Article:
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The 2024 Debt Spiral: How $1 Trillion in Interest Is Breaking the Federal Budget

Contrary to conventional wisdom, higher interest rates mean more inflation in the environment today.
That’s because the federal interest expense increases as interest rates rise.
As the federal interest expense rises, so does the budget deficit.
As the budget deficit increases, so does the currency debasement needed to finance it.
Skyrocketing interest expense will have an enormous impact on the US budget.
Even according to the US government’s rosy projections, the interest expense on the federal debt will exceed $1 trillion for the first time in 2024… and it shows no sign of slowing down. On the contrary, it’s growing exponentially.
First, it’s essential to understand the basics of the US federal budget.
Let’s zoom out and look at the largest components of the US federal budget from the latest available data in the chart below.

The biggest expenditures for the US government are so-called entitlements. It’s not likely any politician will cut these. On the contrary, I expect them to continue to grow.
With the most precarious geopolitical situation since World War 2, so-called “National Defense” seems unlikely to be cut. Instead, military spending is all but certain to increase.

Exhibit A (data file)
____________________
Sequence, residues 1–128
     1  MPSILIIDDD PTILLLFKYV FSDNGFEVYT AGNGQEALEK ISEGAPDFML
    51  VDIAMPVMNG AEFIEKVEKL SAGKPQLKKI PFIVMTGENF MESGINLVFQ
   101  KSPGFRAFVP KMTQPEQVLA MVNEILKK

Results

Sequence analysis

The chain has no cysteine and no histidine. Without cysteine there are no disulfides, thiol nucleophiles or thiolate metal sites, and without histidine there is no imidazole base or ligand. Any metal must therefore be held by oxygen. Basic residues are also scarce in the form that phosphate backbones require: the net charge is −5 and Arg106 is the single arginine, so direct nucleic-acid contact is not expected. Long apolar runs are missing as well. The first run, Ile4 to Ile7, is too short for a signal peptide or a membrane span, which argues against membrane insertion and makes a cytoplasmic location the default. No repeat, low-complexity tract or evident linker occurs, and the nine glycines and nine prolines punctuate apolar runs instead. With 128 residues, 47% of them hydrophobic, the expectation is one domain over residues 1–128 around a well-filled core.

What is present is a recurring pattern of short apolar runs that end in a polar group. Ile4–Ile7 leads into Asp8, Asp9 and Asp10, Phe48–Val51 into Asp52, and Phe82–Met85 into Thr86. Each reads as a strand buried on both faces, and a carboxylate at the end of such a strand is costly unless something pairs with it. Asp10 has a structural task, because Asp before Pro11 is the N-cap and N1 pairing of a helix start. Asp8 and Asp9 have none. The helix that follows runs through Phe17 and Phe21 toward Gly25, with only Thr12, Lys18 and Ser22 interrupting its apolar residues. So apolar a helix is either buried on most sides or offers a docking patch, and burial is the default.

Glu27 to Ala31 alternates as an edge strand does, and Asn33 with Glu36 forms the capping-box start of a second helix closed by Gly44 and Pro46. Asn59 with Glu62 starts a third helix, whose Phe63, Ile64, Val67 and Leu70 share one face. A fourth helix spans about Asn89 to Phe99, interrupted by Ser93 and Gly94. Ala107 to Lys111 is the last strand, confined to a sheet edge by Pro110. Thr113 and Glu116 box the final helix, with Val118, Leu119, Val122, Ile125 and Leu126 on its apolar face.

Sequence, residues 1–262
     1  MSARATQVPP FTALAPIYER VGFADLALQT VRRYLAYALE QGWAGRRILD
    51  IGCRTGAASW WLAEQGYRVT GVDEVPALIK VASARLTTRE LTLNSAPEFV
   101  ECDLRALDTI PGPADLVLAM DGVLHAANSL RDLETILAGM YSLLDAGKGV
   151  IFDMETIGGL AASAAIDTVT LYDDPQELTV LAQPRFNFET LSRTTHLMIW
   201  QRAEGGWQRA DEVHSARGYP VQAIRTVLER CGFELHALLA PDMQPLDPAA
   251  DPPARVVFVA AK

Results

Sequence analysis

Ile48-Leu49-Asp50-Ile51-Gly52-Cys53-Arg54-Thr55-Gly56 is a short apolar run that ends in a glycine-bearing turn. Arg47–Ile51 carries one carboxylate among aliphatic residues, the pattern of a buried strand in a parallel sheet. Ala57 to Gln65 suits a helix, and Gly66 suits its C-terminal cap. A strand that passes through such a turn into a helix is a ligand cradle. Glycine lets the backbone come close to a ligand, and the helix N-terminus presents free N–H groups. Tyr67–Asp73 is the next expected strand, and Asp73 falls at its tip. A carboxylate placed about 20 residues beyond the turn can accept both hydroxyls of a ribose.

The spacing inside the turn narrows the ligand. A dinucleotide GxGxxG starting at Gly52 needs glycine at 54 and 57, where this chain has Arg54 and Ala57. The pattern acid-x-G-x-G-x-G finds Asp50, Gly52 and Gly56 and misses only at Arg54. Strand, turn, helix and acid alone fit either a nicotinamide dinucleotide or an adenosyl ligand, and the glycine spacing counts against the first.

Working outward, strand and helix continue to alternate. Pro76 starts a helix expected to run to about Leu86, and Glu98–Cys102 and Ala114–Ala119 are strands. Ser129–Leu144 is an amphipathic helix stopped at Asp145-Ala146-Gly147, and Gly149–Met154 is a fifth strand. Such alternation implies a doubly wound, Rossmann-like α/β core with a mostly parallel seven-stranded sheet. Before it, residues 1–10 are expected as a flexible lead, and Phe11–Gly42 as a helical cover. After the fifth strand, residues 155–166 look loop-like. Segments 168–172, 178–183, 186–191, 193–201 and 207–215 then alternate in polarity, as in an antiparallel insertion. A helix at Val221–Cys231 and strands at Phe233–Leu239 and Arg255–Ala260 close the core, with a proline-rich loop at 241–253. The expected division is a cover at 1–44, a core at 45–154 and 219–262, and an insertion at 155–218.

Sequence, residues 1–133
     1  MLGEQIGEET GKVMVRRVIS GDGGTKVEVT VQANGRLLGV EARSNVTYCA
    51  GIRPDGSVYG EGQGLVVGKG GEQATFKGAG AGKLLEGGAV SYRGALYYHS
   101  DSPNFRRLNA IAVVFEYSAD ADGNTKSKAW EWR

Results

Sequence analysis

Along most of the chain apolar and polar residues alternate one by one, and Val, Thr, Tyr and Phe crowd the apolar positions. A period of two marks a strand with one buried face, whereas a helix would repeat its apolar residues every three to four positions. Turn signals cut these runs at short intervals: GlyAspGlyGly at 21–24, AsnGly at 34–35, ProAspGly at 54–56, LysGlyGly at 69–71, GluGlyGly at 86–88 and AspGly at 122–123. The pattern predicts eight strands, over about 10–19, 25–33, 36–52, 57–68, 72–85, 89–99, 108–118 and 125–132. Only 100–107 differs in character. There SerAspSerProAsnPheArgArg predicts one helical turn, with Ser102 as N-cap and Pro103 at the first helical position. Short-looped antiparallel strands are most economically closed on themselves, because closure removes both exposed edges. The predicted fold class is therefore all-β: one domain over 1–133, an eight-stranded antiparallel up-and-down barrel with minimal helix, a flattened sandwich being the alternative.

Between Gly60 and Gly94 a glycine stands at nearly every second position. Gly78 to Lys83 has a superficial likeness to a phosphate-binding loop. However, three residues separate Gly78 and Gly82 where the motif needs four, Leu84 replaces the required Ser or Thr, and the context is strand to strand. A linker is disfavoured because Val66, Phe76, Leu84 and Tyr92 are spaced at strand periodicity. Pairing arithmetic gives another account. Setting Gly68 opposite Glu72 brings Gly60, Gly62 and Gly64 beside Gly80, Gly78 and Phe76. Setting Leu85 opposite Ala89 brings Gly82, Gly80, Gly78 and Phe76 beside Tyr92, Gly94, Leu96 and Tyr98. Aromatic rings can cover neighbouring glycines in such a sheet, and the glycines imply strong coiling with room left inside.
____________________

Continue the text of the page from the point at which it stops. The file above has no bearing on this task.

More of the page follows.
Income Security is a catch-all category for different types of welfare. That’s unlikely to be cut too.
Unless it becomes politically acceptable to cut things like Social Security, military spending, and welfare, efforts to make a dent in expenditures won’t be meaningful.
Further, interest expense (Net Interest above) is set to explode higher.
The US government projects that the federal interest expense will exceed $1 trillion in 2024 for the first time. That means the interest expense will exceed defense and everything else in the budget except for Social Security, which it will also likely exceed soon.
As the cost of debt service is taking up a larger portion of the budget, there is less for other expenditures. That means the government has to borrow increasingly larger amounts to maintain basic functions.
However, it’s worse than issuing more debt to cover Social Security and the military.
The US government is now borrowing money to pay interest on the federal debt, which has a compounding effect as the federal debt and interest expense grow exponentially.
I suspect we are close to the inflection point where it gets out of control. 2024 could be the year that it becomes evident the US is trapped in a debt spiral.
Here’s the bottom line with the budget.
The most significant expenditures have nowhere to go but up.
But don’t count on increased revenue to offset these increases. Even if tax rates went to 100%, it would not be enough to stop the deficits—and the debt needed to finance them—from growing.
The US government is out of options.
Therefore, the question is not whether it will default but how.

by Nick Giambruno